arch focuses on the topic: For patients in a home setting with wounds, does use of tap water to cleanse wound affect rate of infection and healing compared to use of normal saline to cleanse wounds in a month period. Riting Fernandez (2004) espoused that potable tap water is a good alternative for cleaning wounds in the home environment, based on clinical home trials. Likewise, the same research shows that the use of saline solutions that include Povidine Iodine solutions is an effective cleansing solution for contaminated wounds.
The literature review reveals an obvious gap in knowledge or a conflict in what is currently known. The literature shows that there is confusion as to which is a better wound cleansing alternative in the home environment, in terms of the use of tap water or saline solutions.
The literature review strongly supports the hypotheses or research question. The literature indicates that more research will increase current nursing assessment knowledge. The three journal literatures emphasize the effectiveness of the two wound cleansing alternatives. The three journals offer convincing evidences to affirm their wound cleanings findings.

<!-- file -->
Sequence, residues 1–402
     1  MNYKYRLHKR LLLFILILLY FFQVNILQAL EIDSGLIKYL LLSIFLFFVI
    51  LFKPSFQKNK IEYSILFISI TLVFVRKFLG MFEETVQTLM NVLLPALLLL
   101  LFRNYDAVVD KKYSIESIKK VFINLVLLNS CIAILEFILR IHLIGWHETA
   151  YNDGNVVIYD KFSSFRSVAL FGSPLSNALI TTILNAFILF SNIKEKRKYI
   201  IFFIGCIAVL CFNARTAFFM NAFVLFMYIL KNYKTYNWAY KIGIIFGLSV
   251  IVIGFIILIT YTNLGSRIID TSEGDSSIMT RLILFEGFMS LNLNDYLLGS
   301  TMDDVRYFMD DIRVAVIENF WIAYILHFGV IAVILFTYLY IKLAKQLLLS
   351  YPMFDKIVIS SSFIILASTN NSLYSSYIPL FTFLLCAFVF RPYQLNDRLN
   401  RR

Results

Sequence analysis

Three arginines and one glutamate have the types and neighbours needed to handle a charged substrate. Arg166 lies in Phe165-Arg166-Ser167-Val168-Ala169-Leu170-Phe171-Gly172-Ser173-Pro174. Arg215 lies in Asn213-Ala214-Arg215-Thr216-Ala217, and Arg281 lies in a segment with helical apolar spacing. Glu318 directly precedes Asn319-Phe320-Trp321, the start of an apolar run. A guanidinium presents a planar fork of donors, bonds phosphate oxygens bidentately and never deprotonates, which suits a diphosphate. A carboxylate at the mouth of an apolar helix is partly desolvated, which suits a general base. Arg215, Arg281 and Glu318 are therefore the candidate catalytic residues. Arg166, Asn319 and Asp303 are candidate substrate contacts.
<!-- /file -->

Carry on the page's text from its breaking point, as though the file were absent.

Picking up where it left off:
The literature shows different researches on the topic. The research literature shows that the additional literature is indeed to update the current nursing assessment knowledge on wound cleansing. Additional literature delves on supporting tap water and saline solutions to clean wounds. Nursing skills research also shows that the nurses must incorporate additional knowledge on other wound cleansing methods.
The overall value in the literature review. The overall value of the literature in developing the knowledge database to implement the research equates to ensuring the correct acceptance or rejection of the hypothesis. Lack to research material may wrongly create a false rejection of the hypothesis. In the same light, the lackluster gathering of literature may trigger the wrong acceptance of the right